[issue13703] Hash collision security issue
report at bugs.python.org
Fri Jan 27 00:22:32 CET 2012
Alex Gaynor <alex.gaynor at gmail.com> added the comment:
I'm sorry then, but I'm a little confused. I think we pretty clearly
established earlier that requiring users to make changes anywhere they
stored user data would be dangerous, because these locations are often in
libraries or other places where the code creating and modifying the
dictionary has no idea it's user data in it.
The proposed AVL solution fails if it requires users to fundamentally
restructure their data depending on it's origin.
We have solution that is known to work in all cases: hash randomization.
There were three discussed issues with it:
a) Code assuming a stable ordering to dictionaries
b) Code assuming hashes were stable across runs.
c) Code reimplementing the hashing algorithm of a core datatype that is now
I don't think any of these are realistic issues the way "doesn't protect
all cases" is. (a) was never a documented, or intended property, indeed it
breaks all the time, if you insert keys in the wrong order, use a different
platform, or anything else can change. (b) For the same reasons code
relying on (b) only worked if you didn't change anything, and in practice
I'm convinced neither of these were common (if ever existed). Finally (c),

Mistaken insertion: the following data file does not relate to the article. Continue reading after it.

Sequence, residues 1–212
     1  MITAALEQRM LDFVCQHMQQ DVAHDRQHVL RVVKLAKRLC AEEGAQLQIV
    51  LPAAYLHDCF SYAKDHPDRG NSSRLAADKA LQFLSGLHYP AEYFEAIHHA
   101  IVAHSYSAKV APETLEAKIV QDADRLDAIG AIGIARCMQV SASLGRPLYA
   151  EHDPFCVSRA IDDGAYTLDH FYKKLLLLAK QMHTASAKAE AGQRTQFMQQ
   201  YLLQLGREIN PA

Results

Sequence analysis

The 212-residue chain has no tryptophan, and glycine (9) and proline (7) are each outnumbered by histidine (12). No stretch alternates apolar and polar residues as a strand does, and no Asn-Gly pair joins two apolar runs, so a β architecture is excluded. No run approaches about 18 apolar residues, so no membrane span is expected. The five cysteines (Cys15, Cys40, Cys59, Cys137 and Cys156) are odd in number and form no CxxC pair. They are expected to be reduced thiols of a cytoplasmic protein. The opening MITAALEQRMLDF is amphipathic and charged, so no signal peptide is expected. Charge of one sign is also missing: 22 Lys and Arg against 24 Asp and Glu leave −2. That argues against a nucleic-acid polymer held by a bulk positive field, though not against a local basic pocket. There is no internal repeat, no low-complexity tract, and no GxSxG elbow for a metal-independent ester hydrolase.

while it's a concern, I've reviewed Django, SQLAlchemy, PyPy, and the
stdlib: there is only one place where compatibility with a core-hash is
In summary, I think the case against hash-randomization has been seriously
overstated, and in no way is more dangerous than having a solution that
fails to solve the problem comprehensively. Further, I think it is
imperative that we reach a consensus on this quickly, as the only reason
this hasn't been widely exploited yet is the lack of availability of the
data, when it becomes available I firmly expect just about every high
profile Python site on the internet (of which there are many) to be
On Thu, Jan 26, 2012 at 6:03 PM, Martin v. Löwis <report at bugs.python.org>wrote:
> Martin v. Löwis <martin at v.loewis.de> added the comment:
> > But using non-__builtin__.str objects (such as UserString) would expose
> > user to an attack?
> Not necessarily: only if they use these strings as dictionary keys, and
> if they do so in contexts where arbitrary user input is consumed. In these
> cases, users need to rewrite their code to replace the keys. Using
> wrappers (such as UserDict), this is possible using only local changes.
> Python tracker <report at bugs.python.org>
Python tracker <report at bugs.python.org>
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